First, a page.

Japan – Part 4 – Accommodation Options Galore!

Well, that Part 3 was a rough one! It’s a bit of a challenge to write about places to see in a country I’ve never been to, but I think I did okay! I’m excited to finally get there and add some unexpected activities that not everyone may know about, and maybe some I’ll keep a secret.

Anyhow, on to Part 4, where to stay. Hopefully not in a van, under a bridge, down by the river. . . . Man, Chris Farley was a funny dude!

Top 5 Most Popular Accommodations in Japan

  1. Western Style Hotel or Business Hotel
    Obviously, these are the hotels that just about everyone is accustomed to throughout the world. Although, from what I have seen, the ones in Japan can be much smaller, but still with similar amenities, like a TV, refrigerator and western style bathroom. If you’re stayin in one city for a while, and don’t want to haul your belongings around, this would probably be your best choice.
  2. Ryokan and Minshuku
    The Ryokan is a Japanese style inn, usually found in the smaller cities and towns. A minshuku is more like a western style bed and breakfast. Both can be found for a decent price.
  3. Hostels and Dormitories
    If you miss your bunk bed you had as a kid, or wondered what summer camp is like, then a hostel is just for you! Seriously though, if you’re more of a backpacker, traveling solo, these are for you. Especially if all you need is a place to sleep for the night before moving on to your next adventure. You’ll also be sharing a bathroom and other areas with other travelers.
  4. Capsule Hotel
    Somewhat similar to a hostel, a capsule hotel is full of sleeping pods, generally used by businessmen who either missed the last train home,or had too much to drink, or both. . . .so I’ve heard. And like a hostel, you’re usually sharing a bathroom and shower area, but from what I have seen, there are quite a few that are private, just not attached to your pod. If you’re solo and just need a place for the night, or even just a few hours for a nap, this would work for you.
  5. Overnight Buses and Trains
    For the nights you’ll be moving between cities that might be a long distance apart, this looks to be your best option. This way, you can take care of two things at once, getting some sleep, and moving to a new location. This will also save you money two fold since a bus is cheap, and you won’t be paying for a night in a hotel room.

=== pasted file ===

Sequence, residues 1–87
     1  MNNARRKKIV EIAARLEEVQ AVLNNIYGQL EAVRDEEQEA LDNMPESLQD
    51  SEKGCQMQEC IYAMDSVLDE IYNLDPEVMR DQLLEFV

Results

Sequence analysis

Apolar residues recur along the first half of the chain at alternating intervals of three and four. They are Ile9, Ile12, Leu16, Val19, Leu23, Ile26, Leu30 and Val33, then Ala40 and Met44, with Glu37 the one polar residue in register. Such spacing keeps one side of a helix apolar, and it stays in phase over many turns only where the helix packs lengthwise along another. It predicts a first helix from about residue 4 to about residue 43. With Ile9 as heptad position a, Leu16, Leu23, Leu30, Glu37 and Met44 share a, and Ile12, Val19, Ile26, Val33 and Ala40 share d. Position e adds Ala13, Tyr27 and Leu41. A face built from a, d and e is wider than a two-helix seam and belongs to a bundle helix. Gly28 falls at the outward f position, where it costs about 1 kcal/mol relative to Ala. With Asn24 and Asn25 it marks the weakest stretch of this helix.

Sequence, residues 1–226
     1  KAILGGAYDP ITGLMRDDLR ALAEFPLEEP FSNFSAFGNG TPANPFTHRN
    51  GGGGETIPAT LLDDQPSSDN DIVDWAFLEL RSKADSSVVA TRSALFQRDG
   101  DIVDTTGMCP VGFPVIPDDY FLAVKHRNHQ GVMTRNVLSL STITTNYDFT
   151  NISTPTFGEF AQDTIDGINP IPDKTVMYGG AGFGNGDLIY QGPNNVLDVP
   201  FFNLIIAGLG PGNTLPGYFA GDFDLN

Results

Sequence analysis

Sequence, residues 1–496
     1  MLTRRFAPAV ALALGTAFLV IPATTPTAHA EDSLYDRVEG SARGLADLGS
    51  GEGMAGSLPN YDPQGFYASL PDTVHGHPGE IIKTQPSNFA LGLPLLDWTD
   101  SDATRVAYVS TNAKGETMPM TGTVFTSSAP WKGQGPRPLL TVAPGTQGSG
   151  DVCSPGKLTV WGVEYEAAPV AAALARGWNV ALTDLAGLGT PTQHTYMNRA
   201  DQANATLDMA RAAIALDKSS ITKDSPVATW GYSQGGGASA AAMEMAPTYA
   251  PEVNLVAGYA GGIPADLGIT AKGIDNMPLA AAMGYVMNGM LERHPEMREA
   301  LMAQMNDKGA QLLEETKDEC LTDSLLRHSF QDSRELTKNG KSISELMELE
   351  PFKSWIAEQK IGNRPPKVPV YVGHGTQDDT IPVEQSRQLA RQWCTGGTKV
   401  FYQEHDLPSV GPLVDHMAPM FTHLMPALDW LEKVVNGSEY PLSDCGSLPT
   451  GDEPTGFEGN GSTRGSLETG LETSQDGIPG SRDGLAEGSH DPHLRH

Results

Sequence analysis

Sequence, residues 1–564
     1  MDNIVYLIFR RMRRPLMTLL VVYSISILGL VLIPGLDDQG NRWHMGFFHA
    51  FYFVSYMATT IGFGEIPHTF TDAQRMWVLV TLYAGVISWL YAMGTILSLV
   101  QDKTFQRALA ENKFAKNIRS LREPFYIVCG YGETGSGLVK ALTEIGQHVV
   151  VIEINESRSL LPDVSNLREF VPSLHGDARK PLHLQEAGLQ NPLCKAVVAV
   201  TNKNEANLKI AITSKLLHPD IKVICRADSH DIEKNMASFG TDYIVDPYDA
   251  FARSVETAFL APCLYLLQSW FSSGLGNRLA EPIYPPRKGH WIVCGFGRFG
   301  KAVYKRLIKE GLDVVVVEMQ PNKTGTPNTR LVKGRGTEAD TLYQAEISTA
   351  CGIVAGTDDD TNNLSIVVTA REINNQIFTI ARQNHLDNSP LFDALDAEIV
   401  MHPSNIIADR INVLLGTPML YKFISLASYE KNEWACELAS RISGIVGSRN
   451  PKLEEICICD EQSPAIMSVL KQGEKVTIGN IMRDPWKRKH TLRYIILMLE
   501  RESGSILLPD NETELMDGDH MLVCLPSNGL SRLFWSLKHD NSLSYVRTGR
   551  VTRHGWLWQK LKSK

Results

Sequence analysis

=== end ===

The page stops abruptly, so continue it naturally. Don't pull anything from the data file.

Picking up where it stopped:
What Japanese Accommodation Did I Choose?

So, now that we have established the majority of what is available, let me tell you what I decided on.


In Tokyo, when I arrive, it will be near 9:00pm, and I believe my ride to Shinjuku will be another hour. So, for my first few nights I’ll most likely stay in a capsule hotel. 9 Hours is a chain of capsule hotels in Japan, and there is a location a few minutes north of Shinjuku Station. Current price is around $40.00US per night.


For the three nights I’ll spend in Osaka, I decided on a hotel. I may stay in a hotel for the rest of my trip, just in different cities. And since I’ll have a JRail Pass, I’ll be taking the Shinkansen between cities, so I won’t be experiencing an overnight bus this trip. My hotel here is about $55.00US per night.


Again, my stay will most likely be in a hotel. I’m planning on two nights here. I found one near the train station, so getting around should be pretty easy.


My original plan here was to stay in a hotel, but I may opt for a Ryokan. I’ll be here three nights, and seems like the perfect place to experience a ryokan since I won’t be venturing in to a smaller town in a rural area. I want to stay in one this trip, but it depends on my budget. And something like this will most likely be booked solid if I can’t act soon.


Back in Tokyo for three more nights before I head home, I’m looking to stay somewhere on the eastern side of the city, like Ginza or near Akihabara. Although, I understand budget friendly hotels a rare in the area.

For a full list of accommodation types, with a little more detail, check here.

That’s a Wrap!

Well, I hope you enjoyed Part 4 and found some of my research helpful. We’re getting down to the final part in the series where I’ll find out how I’ll be getting around Japan. Maybe that van by the river is an option, haha!

Anyhow, if you liked this post, or any other ramblings of mine, then please share them with others who might like them. It would be greatly appreciated!

Until next time, enjoy YOUR journey to find paradise!

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